Meth arrests not expected to slow down

By Kevin Wilson

Local law-enforcement officials have stepped up efforts to arrest producers and distributors of methamphetamine, issuing seven search warrants and making 12 arrests in the last 10 days.
However, there is a feeling the arrests are just the tip of the iceberg.
“I do not expect this to let up,” said Capt. Lonnie Berry of the Portales Police Department, which has been working with other area agencies to combat the production and distribution of the highly addictive stimulant.
“We’re stepping up more of an effort,” Berry said. “We want to be more pro-active in enforcement. It’s just a combined thing with us and the sheriff’s department. The adult probation office has really stepped up to help us.”
Berry said the departments had a meeting on March 21 and decided to work to keep Portales and Roosevelt County from being a prime location to set up a meth lab.
“After the most recent homicide,” Berry said, “we thought it would be a time to do some heavy narcotic enforcement to get an edge on the methamphetamine use in Portales and more specifically the methamphetamine sales.”
Berry would not say whether or not officials believe the slayings of Odis and Doris Newman early in March were drug-related, but said the investigation turned up a lot of narcotic information.
Methamphetamine, officials say, is a problem drug in smaller communities. Part of that may be due to the ease of producing the drug. Many Internet sites give detailed instructions on producing methamphetamine and the ingredients used are common household items.
Two key ingredients in meth production are iodine and anhydrous ammonia, which are used by dairies and farms, respectively. Iodine is used as a disinfectant for a cow’s teats, while anhydrous ammonia is used as a fertilizer.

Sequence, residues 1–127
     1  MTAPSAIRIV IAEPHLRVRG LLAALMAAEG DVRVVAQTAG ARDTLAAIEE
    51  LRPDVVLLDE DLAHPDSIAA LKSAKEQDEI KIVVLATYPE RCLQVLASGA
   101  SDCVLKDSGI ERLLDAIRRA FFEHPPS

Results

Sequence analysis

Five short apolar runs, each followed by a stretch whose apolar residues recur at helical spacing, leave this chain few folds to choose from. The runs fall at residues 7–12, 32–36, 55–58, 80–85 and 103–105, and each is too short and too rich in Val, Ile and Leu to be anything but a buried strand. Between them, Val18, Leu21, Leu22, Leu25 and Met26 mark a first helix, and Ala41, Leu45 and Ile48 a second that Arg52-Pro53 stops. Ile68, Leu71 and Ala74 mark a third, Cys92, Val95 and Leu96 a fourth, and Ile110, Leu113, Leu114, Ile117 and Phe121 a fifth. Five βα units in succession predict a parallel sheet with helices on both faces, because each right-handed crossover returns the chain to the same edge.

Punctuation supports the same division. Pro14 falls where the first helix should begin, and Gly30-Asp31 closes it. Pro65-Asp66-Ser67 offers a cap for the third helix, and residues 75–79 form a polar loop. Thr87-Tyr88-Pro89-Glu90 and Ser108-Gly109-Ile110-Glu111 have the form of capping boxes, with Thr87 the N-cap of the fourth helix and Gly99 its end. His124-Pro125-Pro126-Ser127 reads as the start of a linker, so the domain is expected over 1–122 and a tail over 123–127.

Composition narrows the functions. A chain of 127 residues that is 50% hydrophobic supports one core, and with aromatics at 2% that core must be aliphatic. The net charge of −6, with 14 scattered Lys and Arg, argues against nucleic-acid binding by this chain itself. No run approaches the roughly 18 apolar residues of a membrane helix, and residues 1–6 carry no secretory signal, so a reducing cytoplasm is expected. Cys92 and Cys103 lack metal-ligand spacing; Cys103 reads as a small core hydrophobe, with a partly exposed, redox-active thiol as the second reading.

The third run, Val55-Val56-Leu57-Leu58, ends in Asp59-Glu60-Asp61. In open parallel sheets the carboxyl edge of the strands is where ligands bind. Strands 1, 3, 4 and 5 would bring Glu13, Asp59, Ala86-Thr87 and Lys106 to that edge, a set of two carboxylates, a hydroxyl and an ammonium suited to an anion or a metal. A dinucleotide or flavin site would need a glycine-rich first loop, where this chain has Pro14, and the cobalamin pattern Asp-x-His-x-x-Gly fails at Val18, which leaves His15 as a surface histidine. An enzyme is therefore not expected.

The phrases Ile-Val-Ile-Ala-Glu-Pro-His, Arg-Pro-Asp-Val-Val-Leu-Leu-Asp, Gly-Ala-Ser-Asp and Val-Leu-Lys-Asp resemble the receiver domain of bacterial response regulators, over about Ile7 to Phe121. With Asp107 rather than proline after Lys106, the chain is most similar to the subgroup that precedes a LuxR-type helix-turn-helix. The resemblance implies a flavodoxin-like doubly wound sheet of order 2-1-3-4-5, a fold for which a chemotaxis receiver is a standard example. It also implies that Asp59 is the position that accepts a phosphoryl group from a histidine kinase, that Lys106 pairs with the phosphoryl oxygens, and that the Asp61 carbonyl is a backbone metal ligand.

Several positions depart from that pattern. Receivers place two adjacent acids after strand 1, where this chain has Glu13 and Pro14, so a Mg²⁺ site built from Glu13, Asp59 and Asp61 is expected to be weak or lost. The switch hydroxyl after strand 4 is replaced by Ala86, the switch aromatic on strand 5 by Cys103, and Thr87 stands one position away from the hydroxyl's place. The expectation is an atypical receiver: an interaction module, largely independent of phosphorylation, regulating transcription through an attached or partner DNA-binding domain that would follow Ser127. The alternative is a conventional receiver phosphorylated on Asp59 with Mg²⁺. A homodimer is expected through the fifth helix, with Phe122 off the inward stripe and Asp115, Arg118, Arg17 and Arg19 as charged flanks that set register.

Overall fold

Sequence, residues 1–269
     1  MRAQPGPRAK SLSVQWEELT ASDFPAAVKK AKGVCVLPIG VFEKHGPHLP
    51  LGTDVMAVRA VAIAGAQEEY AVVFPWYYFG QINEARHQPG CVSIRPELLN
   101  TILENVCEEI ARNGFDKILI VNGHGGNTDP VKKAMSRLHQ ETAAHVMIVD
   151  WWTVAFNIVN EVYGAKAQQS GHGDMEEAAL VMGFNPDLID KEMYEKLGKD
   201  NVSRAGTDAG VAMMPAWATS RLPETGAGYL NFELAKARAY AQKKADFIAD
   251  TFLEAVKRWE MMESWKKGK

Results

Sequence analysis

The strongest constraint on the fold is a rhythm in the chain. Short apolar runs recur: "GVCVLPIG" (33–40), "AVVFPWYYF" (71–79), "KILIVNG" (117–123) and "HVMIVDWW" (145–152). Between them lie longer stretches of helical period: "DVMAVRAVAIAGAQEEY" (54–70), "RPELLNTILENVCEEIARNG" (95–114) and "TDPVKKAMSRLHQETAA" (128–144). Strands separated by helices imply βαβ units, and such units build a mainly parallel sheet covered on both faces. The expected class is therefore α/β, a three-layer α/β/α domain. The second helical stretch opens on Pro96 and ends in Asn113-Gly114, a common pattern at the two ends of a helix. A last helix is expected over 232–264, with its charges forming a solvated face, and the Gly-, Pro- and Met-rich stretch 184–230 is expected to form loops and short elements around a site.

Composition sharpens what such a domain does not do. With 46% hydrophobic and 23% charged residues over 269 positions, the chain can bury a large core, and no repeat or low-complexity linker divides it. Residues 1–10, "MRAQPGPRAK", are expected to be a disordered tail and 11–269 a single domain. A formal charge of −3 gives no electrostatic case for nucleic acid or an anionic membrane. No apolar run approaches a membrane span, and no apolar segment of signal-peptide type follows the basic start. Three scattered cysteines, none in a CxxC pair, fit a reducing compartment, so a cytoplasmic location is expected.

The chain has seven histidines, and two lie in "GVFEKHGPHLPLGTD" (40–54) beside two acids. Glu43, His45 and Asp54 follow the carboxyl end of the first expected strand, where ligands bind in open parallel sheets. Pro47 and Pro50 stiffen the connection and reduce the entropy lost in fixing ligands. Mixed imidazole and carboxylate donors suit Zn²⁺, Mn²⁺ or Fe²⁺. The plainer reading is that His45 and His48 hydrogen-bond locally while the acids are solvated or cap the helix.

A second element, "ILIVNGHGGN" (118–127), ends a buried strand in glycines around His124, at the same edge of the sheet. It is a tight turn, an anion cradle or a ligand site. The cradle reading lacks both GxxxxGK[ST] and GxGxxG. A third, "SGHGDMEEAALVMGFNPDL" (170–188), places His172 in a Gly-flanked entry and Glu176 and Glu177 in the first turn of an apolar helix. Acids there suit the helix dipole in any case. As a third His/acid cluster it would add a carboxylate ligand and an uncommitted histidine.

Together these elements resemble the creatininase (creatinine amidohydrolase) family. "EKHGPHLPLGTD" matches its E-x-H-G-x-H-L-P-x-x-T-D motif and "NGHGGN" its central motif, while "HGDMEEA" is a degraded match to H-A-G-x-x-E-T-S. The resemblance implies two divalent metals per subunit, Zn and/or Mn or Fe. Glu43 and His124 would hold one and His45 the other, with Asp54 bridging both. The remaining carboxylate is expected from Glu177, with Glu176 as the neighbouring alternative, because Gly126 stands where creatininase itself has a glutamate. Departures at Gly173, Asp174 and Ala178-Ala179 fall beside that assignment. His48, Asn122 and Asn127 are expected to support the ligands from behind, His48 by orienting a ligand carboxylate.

Though methamphetamine has been around for more than two decades, some in the dairy industry said they are just becoming aware of the chemicals involved.
“I don’t think it would be that easy to get (iodine) from the dairy,” said Portales’ Alva Carter, who is the chairman of the Southwest Dairy Farmers of America council. “In most of the dairies here in Roosevelt County, (iodine) would be in 55-gallon drums.”
Other common meth-making ingredients include aluminum foil, starter fluid, paint thinner, benzene, cold medicine and ephedrine.
The goal of law enforcement, Berry said, is to target small dealers in an effort to send a message to larger distributors to avoid setting up shop in Portales.
So far, none of the arrests made have provided connections to bigger meth producers. In fact, Berry said the seven search warrants are in no way connected to each other.
Two arrests were made within three blocks of each other near City Park according to arrest reports, but Berry said one of those arrests happened through a delivery sting.
“Methamphetamine doesn’t seem to be a drug that’s with one race or one gender,” said Berry, who said the ages of those arrested have ranged from 18 to mid-50s.